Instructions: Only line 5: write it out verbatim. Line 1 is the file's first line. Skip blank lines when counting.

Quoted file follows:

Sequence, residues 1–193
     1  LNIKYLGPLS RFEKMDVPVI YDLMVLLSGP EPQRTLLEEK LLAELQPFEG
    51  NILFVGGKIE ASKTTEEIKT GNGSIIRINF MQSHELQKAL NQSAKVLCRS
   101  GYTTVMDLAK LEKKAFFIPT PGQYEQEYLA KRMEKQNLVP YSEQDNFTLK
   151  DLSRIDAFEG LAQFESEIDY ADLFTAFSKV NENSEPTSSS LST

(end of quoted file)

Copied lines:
   151  DLSRIDAFEG LAQFESEIDY ADLFTAFSKV NENSEPTSSS LST